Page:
In the data science world, the concept of ‘data islands’ refers to those pockets of data distributed throughout an organization in isolated and decentralized fashion. These organizational challenges are solved through increased connectivity of data, centralizing data sources, and improving the basic network of how information and innovations are shared. This same approach is being implemented by island nations as they continue their acceleration in the digital age. SIDS are addressing their challenges of remoteness through digital technologies as they transform into connected hubs of innovation.
Foundational data infrastructure is crucial in enabling access to and sharing of innovations between and within SIDS. This includes national open data portals like those of Jamaica and Papua New Guinea, spatial data infrastructures, and data communities. Each of these play an essential role in making all other data innovations possible. A data community in SIDS is being enabled through the provision of digital tools, open data, capacity-building workshops, training curriculums, and finance mechanisms. An acceleration in support for growing local capacity of national statistical offices and bureaux will be essential to allow data to be integrated into policymaking and enable integrated analyses.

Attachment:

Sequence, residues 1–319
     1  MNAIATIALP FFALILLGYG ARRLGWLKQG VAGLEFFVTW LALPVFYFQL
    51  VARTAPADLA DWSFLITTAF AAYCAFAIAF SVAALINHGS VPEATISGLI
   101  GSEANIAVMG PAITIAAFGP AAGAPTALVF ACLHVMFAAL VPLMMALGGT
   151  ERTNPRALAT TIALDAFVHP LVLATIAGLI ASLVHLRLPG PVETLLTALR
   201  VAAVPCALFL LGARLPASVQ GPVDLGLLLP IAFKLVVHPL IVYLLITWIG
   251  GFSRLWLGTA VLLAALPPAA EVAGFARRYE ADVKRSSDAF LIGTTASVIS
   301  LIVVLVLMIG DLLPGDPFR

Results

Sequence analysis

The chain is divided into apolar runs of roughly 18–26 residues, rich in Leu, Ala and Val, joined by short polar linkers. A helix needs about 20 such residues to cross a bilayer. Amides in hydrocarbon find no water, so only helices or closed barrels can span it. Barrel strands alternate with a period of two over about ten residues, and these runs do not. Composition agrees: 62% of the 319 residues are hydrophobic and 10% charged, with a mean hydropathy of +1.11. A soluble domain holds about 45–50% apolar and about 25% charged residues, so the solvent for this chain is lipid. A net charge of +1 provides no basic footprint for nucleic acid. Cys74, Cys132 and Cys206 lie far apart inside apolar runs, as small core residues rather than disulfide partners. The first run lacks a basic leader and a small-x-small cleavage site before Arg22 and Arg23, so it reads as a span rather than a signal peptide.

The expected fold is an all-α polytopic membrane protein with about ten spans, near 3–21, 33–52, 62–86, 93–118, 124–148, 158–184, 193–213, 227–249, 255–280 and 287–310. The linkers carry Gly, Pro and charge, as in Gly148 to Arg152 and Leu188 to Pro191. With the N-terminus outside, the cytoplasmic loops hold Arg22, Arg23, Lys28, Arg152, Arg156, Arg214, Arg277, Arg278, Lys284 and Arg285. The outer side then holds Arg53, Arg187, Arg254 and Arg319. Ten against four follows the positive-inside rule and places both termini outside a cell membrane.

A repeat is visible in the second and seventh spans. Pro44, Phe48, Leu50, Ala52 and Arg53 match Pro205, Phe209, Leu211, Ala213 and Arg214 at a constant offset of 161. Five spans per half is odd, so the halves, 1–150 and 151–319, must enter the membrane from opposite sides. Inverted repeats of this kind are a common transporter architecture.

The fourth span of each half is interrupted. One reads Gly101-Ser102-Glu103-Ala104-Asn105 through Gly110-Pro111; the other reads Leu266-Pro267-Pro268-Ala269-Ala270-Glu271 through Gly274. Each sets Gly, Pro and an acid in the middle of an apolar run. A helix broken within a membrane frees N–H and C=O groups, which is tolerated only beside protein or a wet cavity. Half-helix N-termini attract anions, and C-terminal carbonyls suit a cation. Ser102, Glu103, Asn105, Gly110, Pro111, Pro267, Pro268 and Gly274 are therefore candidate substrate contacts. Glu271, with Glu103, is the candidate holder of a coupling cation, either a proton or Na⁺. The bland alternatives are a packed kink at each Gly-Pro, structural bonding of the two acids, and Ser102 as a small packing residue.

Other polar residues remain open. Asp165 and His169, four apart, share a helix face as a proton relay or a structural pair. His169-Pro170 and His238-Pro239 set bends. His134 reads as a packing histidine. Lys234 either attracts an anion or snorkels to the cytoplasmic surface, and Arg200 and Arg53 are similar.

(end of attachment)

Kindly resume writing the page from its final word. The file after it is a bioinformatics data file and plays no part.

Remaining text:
Several challenges continue to limit the value of data in governance including data ownership, privacy, and local capacity. However, a focus on data management is welcomed by nearly all local governments, as demonstrated for example by how Aruba has emerged as a model for sustainable development as it aims to share its expertise and experience through the creation of a knowledge management ecosystem. To deal with challenges of centralizing data to a single official source to be utilized across scales and institutions, the Aruban government passed a Ministerial Decree institutionalizing the National SDG Commission and the SDG Aruba Indicator Working Group (AIWG). This group released a baseline of 230+ Global Monitoring Indicators in 2021 and defined context-specific targets through its SDG Framework and Roadmap. These targets help to localize the SDGs and anchor them in a national framework that can support local Aruba policymakers to deliver on local priorities.